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What is a sand septic system?

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Sand septic systems utilize sand to filter harmful substances out of water while providing an environment for microorganisms that convert a great deal of the dangerous substances in wastewater into harmless by-products. These systems work well in regions with high groundwater, poor soil, shallow bedrock and other limitations.

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Full Answer

Sand septic systems have been in use since the early 1900s in the United States, but design improvements in the 1990s made them more popular. Rich in oxygen, these systems turn the carbon (organic substances) in wastewater into carbon dioxide and turn ammonia and nitrogen into nitrate.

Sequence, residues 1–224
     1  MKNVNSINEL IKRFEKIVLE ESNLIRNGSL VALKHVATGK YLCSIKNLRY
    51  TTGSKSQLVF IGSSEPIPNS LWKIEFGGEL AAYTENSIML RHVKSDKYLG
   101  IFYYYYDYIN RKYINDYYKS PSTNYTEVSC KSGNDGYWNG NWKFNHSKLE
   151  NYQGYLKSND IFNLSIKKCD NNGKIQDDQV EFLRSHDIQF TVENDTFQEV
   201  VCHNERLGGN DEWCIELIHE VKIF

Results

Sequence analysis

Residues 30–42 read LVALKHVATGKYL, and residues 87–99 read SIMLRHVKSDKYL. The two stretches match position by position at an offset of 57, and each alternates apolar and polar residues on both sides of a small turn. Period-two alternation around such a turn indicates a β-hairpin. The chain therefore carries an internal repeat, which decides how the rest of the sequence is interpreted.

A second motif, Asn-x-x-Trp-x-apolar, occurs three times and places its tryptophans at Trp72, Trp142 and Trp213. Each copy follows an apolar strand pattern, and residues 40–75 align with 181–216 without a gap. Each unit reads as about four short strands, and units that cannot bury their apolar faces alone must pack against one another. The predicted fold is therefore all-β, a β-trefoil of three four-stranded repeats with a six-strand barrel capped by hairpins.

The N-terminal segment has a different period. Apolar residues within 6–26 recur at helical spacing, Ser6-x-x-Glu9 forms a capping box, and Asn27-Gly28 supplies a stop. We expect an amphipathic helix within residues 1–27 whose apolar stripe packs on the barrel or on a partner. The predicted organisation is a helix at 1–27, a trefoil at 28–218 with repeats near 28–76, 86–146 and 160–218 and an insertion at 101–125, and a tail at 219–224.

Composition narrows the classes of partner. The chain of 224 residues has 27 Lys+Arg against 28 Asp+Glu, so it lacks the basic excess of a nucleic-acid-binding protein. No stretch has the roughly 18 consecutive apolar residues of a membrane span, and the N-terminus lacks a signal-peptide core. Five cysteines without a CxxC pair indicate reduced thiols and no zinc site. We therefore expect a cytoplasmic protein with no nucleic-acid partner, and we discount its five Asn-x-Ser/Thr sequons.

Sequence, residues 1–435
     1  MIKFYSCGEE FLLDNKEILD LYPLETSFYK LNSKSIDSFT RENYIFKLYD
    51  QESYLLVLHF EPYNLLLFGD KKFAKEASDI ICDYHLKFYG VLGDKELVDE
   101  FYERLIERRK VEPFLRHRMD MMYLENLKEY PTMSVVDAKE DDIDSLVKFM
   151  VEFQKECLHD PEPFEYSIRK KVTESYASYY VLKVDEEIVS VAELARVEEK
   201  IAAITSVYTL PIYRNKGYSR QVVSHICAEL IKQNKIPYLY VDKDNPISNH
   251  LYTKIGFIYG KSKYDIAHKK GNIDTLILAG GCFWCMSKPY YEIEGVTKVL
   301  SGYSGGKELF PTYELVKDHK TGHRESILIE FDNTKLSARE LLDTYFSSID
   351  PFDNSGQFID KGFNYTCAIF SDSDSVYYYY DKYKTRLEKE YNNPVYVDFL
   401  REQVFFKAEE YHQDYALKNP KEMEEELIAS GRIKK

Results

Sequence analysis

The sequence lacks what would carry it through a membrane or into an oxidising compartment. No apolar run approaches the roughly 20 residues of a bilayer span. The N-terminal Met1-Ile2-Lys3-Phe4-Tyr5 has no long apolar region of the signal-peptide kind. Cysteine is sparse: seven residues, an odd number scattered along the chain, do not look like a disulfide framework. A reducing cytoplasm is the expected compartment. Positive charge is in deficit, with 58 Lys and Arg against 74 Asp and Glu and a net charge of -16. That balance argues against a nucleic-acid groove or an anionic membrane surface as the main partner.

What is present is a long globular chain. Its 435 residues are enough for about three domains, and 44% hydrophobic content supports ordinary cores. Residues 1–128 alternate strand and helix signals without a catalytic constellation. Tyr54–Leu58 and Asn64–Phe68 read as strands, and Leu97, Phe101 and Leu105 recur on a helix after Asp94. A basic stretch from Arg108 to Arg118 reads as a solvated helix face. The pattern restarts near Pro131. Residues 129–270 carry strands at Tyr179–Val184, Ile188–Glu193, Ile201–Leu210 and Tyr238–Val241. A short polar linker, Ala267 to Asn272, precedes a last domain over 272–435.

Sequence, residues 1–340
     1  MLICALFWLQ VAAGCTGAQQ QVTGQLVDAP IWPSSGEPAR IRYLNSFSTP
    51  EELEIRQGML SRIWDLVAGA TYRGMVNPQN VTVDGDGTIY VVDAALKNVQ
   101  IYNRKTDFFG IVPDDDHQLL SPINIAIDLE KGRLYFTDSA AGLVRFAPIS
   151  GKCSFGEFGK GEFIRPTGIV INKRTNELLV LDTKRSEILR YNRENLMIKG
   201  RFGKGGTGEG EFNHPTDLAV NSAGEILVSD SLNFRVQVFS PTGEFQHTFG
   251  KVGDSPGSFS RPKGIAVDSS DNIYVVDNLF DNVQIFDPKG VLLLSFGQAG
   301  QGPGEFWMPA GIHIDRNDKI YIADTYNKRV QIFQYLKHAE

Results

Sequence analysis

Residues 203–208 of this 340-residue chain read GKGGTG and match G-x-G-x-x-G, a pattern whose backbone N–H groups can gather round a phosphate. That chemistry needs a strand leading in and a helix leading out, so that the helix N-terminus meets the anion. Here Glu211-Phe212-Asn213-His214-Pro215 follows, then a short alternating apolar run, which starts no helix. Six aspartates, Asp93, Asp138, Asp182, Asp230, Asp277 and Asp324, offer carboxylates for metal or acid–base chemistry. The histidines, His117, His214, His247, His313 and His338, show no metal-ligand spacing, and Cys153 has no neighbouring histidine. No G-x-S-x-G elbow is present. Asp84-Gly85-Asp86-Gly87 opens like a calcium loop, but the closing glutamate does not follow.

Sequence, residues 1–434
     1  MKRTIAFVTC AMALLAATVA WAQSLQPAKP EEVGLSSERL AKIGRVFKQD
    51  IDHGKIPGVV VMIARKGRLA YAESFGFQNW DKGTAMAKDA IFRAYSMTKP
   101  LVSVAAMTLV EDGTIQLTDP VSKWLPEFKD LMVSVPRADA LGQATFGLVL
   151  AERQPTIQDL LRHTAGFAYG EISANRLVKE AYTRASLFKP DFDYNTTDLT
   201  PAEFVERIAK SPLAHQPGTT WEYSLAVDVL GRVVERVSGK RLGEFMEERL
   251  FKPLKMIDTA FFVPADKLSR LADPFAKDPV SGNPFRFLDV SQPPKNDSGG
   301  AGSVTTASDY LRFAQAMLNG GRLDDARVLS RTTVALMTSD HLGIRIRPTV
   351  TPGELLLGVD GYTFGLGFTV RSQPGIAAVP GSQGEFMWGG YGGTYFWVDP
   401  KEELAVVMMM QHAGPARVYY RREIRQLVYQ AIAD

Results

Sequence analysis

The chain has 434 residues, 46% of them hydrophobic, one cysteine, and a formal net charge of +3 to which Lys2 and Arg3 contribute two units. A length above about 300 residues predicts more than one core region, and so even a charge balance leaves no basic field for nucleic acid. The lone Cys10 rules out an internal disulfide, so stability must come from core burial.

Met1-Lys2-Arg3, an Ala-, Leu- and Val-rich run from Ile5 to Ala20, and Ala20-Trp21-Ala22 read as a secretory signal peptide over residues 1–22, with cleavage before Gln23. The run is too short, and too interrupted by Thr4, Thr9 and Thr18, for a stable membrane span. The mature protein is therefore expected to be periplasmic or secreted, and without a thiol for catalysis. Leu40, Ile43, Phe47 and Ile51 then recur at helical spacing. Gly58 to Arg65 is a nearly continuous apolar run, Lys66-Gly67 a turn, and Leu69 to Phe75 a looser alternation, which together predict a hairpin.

In sand septic systems that have a recirculating filter, the nitrate enters an environment low in oxygen, allowing the transition from nitrate to nitrogen gas. The most common use for sand septic systems is for situations in which traditional septic tanks or absorption fields have not dealt with wastewater effectively. Sand septic systems have also worked well in areas where central treatment systems are not available or are too costly for residences, businesses, organizations and planned developments. Some states, such as Indiana, require septic system users to have an absorption field in addition to a sand septic system, so people installing new systems should make themselves aware of existing regulations.

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